Nobody can predict the future, though one could argue that the best way to predict the future is to have the power to shape it.
The Ireland Women’s team has, arguably, a unique opportunity to shape the game’s immediate future and broaden the game’s appeal to a new generation of girls.
And being successful in this tournament carries the tantalising prospect of creating a massive ripple effect across the country for the game, according to former Ireland international, Laura Guest.
“I think if we are to build a legacy we need to be successful to keep people interested,” stresses Guest. “For example, the Sevens team qualifying for the World Cup in 2018 is a super achievement. We have to be winners. I think it’s the easiest way to get anybody interested in you.”
Ireland reaching the semi-finals or possibly the final could have a positive long-term effect for the game, and Guest points to the success of the Cork ladies’ senior football team as an example of how to leave a legacy.
Cork ladies’ underage football teams — as well as the grassroots club game in the county — have been thriving as a result of the senior success.
“If you look at the Cork ladies’ football side, they’re recognised throughout the country and that’s down to their hard work and success. I think women’s rugby has to be the same, they have to be successful. We can’t just turn up and expect things — we have to put in the work. And it’s being put in,” adds Guest.
2017 Women’s RWC Tournament director, Garrett Tubridy, points to a series of events that have already taken place to expand interest in rugby in the lead-in to the tournament, one major initiative being the undertaking to get a further 2,017 girls registered during 2017.
“We have worked with Nora Stapleton on this,” says Tubridy. “Nora is out-half on the senior team but her day job is as IRFU women’s rugby development manager. From the outset, Nora would have worked very hard asking what can we achieve, what can we do to encourage participation and to encourage interest.
“One of the strategic objectives of hosting this World Cup was to increase the profile in levels of interest and participation of women’s rugby in Ireland.
“If you look at the Trophy Tour, it will have been to close to 300 events in 32 counties.
“We were very cognisant of bringing the trophy out around the country. In order for a school, a club or community to host the trophy they had to put out a form and tell us what they were going to do in their area to help us promote women’s rugby and to help us throughout the Women’s World Cup.
“It got girls with a rugby ball in their hand for the first time in many cases; with others it was to give them an extra hook with which to get into the community if said community was starting up a team. It has been a brilliant way to get into communities and generate a bit of interest in women’s rugby.”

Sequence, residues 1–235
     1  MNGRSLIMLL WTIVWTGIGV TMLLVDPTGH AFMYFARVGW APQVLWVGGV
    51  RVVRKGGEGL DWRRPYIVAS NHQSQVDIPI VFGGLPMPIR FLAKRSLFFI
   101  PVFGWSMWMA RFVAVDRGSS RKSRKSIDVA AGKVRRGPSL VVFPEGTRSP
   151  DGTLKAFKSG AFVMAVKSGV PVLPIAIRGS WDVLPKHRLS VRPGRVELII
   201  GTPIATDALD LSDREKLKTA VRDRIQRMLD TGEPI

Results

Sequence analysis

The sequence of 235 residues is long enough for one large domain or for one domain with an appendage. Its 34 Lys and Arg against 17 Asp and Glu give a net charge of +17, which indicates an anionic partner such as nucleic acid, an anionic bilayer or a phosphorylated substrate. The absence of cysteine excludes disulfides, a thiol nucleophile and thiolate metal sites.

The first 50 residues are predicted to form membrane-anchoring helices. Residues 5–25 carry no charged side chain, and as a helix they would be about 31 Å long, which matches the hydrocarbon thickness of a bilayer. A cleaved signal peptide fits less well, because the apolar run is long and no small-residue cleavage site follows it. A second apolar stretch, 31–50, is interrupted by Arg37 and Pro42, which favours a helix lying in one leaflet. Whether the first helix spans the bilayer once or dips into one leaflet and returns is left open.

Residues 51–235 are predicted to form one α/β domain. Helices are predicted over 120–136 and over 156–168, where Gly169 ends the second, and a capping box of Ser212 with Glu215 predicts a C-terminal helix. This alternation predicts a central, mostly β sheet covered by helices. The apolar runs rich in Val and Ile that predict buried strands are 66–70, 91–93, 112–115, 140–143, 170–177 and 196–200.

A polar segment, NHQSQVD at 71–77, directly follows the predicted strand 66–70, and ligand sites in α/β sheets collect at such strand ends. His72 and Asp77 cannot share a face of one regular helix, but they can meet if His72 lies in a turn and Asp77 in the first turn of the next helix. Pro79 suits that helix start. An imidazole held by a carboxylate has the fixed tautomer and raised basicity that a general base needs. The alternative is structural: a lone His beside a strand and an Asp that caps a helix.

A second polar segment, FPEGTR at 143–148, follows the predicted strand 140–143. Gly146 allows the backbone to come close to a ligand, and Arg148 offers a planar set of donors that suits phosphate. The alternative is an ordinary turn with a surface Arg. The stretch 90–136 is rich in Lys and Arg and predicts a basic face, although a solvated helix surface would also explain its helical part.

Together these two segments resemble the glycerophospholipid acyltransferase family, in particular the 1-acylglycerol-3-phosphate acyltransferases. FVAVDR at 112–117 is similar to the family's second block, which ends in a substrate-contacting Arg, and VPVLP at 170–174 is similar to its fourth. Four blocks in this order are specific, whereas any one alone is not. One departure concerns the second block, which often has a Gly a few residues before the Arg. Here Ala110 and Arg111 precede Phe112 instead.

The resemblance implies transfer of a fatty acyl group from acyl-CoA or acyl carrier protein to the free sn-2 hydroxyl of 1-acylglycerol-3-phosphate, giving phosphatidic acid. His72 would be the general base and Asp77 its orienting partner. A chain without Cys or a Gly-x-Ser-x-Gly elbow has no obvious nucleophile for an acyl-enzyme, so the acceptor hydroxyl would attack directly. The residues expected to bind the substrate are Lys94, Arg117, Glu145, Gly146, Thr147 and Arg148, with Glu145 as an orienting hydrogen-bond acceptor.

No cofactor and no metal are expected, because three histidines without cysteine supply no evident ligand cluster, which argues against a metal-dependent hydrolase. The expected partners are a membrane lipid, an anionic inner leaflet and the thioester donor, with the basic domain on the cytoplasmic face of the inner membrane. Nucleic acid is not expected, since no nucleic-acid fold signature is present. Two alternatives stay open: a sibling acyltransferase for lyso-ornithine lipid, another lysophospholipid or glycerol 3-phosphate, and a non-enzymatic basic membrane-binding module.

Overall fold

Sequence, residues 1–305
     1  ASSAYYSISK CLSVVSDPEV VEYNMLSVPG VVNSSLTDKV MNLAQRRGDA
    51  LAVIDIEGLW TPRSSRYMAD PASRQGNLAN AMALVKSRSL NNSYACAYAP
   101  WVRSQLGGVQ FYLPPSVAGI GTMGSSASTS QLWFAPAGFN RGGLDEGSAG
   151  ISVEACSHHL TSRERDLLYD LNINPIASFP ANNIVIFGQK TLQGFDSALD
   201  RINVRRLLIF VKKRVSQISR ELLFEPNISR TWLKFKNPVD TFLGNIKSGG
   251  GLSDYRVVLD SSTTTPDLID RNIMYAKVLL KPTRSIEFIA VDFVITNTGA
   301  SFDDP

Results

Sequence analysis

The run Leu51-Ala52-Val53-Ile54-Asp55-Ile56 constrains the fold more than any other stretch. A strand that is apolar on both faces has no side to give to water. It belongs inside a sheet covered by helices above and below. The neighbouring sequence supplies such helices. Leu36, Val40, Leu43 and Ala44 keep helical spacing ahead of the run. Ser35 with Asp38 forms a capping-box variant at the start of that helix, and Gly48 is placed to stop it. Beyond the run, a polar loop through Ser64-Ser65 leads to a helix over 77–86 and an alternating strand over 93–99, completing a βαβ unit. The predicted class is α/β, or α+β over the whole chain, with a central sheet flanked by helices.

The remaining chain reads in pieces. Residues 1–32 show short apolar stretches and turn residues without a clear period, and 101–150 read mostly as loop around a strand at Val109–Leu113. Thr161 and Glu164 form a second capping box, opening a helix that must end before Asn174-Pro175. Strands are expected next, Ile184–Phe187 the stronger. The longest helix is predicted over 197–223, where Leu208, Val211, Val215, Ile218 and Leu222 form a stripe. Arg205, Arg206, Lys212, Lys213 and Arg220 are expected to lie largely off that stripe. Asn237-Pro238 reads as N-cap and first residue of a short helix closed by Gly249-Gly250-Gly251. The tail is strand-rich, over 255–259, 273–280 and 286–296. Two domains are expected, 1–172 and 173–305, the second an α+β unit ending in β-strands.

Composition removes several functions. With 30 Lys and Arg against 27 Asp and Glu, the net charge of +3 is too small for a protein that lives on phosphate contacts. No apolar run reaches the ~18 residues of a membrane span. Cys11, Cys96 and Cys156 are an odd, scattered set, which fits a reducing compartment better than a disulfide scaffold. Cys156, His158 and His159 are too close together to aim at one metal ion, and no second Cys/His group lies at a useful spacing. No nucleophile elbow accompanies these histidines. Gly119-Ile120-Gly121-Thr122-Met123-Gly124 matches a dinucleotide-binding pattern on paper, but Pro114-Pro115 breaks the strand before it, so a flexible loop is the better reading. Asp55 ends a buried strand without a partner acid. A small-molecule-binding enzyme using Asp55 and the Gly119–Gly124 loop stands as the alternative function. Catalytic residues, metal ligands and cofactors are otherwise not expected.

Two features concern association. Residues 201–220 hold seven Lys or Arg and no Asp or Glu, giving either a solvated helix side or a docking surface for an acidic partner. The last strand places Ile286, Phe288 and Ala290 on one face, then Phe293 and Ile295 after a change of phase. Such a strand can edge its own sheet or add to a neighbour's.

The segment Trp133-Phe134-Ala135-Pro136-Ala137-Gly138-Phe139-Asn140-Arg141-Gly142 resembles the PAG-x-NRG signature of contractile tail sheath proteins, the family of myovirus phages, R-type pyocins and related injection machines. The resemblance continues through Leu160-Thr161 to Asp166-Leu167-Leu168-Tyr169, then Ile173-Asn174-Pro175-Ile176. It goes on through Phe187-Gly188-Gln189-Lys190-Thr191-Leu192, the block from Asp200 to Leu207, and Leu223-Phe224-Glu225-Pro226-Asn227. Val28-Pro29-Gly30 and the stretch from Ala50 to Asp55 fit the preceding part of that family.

Tubridy, like Guest, believes Ireland success on the park can lead to success further down the food chain.
“If Ireland do well in the tournament, that would be brilliant,” adds Tubridy. “Success breeds success. What we have tried to do is look at targets that we want to put in place. We wanted to get ‘2,017 in 2017’ so that by the end of this year we’d have 2,017 newly-registered female players. That’s going well.
“There’ll be follow-up to capitalise on the interest in the tournament. In September we have a number of activities going on, particularly at Third Level, which are all designed to capitalise on the interest in women’s rugby that will arise out of Women’s RWC.”
While both Garrett Tubridy and Nora Stapleton, among others, have done sterling work to promote the game in the context of the upcoming World Cup in every county in Ireland, perhaps the greatest marketing tool is live television coverage of the tournament.
The power of television should not be underestimated, according to Tubridy, who has witnessed first-hand the knock-on effect of live broadcasting of Ireland’s participation in the Women’s Six Nations Championship.
“The broadcast of women’s rugby during the Six Nations certainly opens up people’s eyes to the game. Countless people have told me they have watched the game having not watched it before. The same people were taken aback by the levels of skill and by the players’ levels of professionalism on and off the pitch. The more people that we can get exposed to that, the more interest in it and they may come back for the Six Nations next year.”
If hosting the Women’s Rugby World Cup will bring benefits at grassroots level through increased participation rates and increased TV viewership, there is also the sense that rugby’s governing body, World Rugby, may cast its eyes more critically on Ireland’s capability to stage such a tournament.
The 2023 World Cup bid process is nearing its conclusion, showcasing what Ireland can offer, albeit on a smaller stage, and may bring its own pressures and responsibilities to the 2017 Women’s RWC tournament organisers.
However, Tubridy is keen to stress that he and his team wish to “put on a great show” in the coming weeks and states that the 2023 bid process is an entirely separate project to his team’s focus.
“I think it’s incumbent on all of us, not just the team here in the IRFU or indeed in World Rugby or in UCD, that if we are to get events like this in the future we need to put on a great show. That includes the fans, spectators, the hotels and others having to put our best foot forward.
“I’ve been asked the question a lot about 2023 but 2023 is completely separate to us. Anybody involved in this tournament is almost exclusively involved in this tournament. That’s our focus.
“I think irrespective of 2023 we want this to be an amazing tournament and an amazing experience for the people who come along, whether you’re a spectator, a member of the media, a participant or in management; we’ve put a lot of thought into making this happen. 2023 is a separate project.”